Snap calls this its corporate accounts strategy. It’s a different take on print management, with Snap employing a corporate sales team to put together coordinated tenders to win these large contracts. “It provides the large corporate clients with a distributed solution for the print requirements, but in a centralised way,” said Vernon.
He adds Snap’s sales for March were up 11% on last year. The key to Snap’s business model is a rigorous governance framework. Every hub has its own board and separate management. Each hub is run independently of the franchise, ensuring the hub behaves as a trade supplier so the franchise operator can focus on customers with minimum cost.
The second model has production facilities at the franchise outlet level.
This is the Kwik Kopy model. Under this prototype, the franchise outlet offers design and pre-press services. It undertakes the printing as well, generally thanks to digital print technology.
Under both models, Kwik Kopy and Snap get their revenues from royalties. The franchise outlets can offer a total package of solutions to their clients. The important difference is the outsourcing of the print function. Under the bureau design service and hub model, the work is farmed out to a hub whereas with the Kwik Kopy model, most of the work is kept in-house. Bell says only about 20%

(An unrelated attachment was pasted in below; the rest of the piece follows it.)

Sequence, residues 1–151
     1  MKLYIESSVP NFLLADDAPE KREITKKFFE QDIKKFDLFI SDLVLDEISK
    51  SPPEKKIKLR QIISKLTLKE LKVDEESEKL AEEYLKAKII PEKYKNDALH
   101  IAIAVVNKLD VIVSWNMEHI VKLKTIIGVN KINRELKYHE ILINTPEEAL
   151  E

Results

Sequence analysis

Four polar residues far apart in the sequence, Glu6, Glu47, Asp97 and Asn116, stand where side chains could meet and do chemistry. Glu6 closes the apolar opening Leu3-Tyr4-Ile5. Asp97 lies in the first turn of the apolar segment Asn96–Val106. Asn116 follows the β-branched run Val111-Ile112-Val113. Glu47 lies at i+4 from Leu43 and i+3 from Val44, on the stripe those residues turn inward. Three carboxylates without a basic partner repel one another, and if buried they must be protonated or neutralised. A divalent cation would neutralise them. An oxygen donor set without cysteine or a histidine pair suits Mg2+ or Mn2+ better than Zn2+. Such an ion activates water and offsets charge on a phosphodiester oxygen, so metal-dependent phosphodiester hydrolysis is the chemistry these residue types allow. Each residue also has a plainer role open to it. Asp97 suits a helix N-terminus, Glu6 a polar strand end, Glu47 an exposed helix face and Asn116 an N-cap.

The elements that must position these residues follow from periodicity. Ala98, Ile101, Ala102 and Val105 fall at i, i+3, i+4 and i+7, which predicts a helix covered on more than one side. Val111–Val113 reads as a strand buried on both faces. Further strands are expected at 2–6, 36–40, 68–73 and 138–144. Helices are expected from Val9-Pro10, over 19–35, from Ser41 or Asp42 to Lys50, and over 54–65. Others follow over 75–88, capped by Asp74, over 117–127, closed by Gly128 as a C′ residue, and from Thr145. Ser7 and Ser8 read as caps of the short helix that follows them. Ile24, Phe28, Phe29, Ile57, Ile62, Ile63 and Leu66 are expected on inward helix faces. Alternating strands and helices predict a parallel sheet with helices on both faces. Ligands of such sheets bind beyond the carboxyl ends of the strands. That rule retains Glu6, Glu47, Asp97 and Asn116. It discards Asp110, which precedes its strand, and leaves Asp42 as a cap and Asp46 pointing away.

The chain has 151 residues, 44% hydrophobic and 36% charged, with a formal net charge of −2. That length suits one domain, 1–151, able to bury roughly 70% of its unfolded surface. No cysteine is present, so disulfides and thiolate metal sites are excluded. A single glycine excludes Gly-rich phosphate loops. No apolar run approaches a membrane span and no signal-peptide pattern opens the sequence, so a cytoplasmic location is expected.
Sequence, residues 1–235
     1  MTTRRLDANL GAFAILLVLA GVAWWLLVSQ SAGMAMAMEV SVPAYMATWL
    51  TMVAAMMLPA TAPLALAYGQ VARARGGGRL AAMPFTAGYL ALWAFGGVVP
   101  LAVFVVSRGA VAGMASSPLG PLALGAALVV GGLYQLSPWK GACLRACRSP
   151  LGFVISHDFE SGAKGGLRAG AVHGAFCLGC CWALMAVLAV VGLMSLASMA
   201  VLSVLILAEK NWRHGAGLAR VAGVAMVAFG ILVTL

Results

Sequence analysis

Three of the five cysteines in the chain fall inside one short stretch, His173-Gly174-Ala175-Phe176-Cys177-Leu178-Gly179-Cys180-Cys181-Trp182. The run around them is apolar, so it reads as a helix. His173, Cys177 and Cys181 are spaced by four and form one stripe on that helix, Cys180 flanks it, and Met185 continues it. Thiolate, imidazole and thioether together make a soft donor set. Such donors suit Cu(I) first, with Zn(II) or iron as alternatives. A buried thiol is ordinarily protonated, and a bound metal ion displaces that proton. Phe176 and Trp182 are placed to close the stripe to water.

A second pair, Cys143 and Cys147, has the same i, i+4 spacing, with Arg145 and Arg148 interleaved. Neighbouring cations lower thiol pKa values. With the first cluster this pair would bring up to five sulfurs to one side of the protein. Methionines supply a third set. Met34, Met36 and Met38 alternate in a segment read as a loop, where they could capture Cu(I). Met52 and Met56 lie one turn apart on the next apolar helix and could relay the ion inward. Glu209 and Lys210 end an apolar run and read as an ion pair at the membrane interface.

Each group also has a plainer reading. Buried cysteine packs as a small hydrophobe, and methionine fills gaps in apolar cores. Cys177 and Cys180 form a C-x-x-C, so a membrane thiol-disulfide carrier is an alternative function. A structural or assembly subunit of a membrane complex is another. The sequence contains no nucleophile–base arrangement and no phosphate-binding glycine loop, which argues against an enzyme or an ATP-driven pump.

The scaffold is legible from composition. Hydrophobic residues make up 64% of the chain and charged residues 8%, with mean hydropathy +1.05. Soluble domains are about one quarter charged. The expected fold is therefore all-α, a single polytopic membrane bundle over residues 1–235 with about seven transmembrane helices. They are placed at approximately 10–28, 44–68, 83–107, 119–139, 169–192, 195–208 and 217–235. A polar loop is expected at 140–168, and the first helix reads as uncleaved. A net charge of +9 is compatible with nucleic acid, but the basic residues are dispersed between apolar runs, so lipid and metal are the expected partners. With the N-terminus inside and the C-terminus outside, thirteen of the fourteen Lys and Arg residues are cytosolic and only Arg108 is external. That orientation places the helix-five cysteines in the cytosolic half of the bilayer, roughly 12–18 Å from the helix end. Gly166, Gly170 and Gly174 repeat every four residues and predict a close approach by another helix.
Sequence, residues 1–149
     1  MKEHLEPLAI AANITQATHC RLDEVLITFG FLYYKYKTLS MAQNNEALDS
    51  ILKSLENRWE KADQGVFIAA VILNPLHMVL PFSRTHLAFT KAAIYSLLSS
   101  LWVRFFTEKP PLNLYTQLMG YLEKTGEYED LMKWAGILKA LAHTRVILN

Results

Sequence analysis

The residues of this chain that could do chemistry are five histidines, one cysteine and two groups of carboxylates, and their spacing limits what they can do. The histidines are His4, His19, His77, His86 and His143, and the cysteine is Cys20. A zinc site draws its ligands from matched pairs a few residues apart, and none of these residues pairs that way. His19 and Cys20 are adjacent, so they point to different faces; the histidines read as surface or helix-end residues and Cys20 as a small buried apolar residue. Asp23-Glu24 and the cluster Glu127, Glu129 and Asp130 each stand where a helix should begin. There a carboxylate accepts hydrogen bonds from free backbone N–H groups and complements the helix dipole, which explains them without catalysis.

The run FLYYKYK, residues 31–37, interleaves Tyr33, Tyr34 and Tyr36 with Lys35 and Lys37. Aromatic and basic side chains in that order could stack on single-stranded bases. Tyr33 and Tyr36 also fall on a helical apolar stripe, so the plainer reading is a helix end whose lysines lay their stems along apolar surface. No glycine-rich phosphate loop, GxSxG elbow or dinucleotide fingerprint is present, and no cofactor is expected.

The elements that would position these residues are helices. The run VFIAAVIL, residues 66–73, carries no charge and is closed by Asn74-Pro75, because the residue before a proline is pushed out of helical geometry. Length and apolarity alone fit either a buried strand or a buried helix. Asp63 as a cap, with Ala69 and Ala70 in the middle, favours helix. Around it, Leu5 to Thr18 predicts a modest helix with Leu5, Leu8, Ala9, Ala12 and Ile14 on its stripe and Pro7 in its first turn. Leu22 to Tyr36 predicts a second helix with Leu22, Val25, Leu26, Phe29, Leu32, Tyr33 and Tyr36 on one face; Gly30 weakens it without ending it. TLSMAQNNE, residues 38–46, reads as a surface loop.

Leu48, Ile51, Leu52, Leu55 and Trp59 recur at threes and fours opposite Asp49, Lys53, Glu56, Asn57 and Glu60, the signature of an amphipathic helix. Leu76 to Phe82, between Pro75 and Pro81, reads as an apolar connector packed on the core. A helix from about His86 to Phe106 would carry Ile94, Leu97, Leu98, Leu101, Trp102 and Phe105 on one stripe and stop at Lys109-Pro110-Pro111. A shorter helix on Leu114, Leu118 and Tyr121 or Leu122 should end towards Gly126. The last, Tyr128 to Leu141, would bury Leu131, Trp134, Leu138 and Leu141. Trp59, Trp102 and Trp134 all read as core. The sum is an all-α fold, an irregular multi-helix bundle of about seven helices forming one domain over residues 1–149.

of the work is outsourced. Kwik Kopy has 108 franchise agreements and 95 franchises.
The other major difference is that under the Kwik Kopy model, franchise owners are more independent. This allows them to race ahead with brilliant management and decisions. But it also leaves some vulnerable to making bad mistakes. There is more control with the Snap model.
Hagop Tchamkertenian, national manager for policy and government affairs at Printing Industries, says there is another important difference – the hub-and-spoke model can potentially provide a wider offering. “The franchise outlets can take on work that is not just limited to the instant printing segment,” he says.